The book identifies propositions as to how Jamaica’s problems can be overcome and calls for the coming together of the two dominant parties in support of a common agenda around a series of measures to deal with violence (see 165–66). “What is needed is the political will of both parties to implement a jointly agreed upon plan of action,” Patterson concludes (163). Jamaica’s experience is that strong external pressure on the parties can bring this about. In recent times, the IMF and Jamaican governments have succeeded in building macro-economic policy continuity as Jamaica emerged from very high levels of unsustainable debt. Internal pressure has also been seen to force a coalition of political will, since activism around reparation has led to both the Jamaica Labour Party and the People’s National Party supporting a national body on reparation now known as the National Council on Reparation. The reparation movement’s mobilization in 2015 during the visit of British prime minister David Cameron was successful in bringing the parties together, and they spoke with one voice in a parliamentary critique of British slavery in Jamaica and the demand for reparative justice.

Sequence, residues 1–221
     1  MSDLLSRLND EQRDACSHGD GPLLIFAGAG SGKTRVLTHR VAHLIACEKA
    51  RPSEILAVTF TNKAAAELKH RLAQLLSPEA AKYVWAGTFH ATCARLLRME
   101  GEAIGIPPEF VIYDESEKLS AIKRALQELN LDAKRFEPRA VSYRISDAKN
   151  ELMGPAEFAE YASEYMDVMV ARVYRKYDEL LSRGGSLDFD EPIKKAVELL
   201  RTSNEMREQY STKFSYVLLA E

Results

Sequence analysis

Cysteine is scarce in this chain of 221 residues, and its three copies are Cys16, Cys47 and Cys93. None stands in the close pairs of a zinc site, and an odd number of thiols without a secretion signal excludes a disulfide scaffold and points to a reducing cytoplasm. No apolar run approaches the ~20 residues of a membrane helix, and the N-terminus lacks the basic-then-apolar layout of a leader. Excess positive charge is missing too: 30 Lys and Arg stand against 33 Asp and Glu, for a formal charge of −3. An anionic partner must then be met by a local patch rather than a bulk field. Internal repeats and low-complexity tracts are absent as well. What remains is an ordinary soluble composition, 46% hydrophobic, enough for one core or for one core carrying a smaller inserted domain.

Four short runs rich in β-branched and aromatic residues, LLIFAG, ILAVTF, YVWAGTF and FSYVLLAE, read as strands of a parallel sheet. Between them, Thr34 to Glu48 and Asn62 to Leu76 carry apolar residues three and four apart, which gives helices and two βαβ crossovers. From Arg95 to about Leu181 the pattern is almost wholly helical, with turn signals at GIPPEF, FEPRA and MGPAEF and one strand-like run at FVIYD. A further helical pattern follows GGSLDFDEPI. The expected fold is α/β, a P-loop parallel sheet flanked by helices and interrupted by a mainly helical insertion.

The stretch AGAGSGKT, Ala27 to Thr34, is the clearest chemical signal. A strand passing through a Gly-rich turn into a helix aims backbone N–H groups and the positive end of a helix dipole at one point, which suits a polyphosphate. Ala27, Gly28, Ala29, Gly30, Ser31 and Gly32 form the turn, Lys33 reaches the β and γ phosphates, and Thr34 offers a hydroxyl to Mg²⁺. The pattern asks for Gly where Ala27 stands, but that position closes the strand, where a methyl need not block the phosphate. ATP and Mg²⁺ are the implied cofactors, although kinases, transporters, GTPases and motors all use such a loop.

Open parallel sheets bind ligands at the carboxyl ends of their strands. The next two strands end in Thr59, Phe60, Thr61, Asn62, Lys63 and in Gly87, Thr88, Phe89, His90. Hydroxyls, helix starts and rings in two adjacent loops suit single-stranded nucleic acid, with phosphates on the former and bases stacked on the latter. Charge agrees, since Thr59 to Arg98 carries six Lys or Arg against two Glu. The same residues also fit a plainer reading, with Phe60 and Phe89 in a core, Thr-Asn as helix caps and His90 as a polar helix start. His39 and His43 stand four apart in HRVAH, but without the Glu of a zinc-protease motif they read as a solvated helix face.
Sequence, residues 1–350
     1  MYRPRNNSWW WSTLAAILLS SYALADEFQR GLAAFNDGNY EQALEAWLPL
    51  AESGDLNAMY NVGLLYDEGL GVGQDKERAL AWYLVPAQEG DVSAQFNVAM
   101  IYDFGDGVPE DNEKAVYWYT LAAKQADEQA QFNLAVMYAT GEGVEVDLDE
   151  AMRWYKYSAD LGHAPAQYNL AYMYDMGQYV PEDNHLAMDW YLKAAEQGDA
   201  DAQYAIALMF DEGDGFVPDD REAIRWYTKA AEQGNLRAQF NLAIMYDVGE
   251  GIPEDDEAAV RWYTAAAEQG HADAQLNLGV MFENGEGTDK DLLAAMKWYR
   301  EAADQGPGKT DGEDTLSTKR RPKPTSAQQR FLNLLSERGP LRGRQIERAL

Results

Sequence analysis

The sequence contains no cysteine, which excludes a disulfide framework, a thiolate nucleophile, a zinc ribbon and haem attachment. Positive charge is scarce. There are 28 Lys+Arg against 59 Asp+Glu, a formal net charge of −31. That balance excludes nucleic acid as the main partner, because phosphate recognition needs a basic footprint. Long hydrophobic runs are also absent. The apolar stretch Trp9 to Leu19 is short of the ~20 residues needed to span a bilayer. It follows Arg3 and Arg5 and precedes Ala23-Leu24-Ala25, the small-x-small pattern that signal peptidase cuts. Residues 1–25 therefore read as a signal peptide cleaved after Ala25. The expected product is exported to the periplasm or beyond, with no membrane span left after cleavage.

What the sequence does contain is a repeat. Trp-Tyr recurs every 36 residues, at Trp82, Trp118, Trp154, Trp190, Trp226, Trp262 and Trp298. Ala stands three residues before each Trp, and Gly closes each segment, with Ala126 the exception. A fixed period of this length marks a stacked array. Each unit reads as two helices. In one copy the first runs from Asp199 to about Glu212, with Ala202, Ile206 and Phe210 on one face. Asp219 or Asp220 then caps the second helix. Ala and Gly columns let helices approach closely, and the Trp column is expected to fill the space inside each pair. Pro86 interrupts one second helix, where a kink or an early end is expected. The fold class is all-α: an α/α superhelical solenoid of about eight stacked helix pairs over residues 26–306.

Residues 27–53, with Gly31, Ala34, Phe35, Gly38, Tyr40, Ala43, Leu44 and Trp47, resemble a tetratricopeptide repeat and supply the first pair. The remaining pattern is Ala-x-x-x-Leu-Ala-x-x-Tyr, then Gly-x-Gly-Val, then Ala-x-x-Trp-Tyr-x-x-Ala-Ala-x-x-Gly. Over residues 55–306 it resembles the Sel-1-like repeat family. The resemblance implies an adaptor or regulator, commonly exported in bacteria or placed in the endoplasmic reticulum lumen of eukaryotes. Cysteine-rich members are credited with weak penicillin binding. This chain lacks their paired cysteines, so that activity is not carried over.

Part 2 has three shorter essays on Jamaica’s athletic prowess and the global influence of Jamaican music. The development of Jamaican music, with its deep roots in the cultural traditions of the peasantry and the urban poor, has resulted in world-class musicians. Jamaica has also had over one hundred years of organizing athletics competitions among high schools. The success in athletics has been the result of institutional innovation around the annual Boys and Girls Athletics Championships, coupled with improvements in public health. A democratic ethos manifests in the development and growth of Jamaican music and athletics, in which grassroots excellence comes to the fore. This is not the case in business and politics that are elite dominated, with the business elite exercising financial control and influence over the political class and, in my view, too many of the latter using state resources for their own personal enrichment.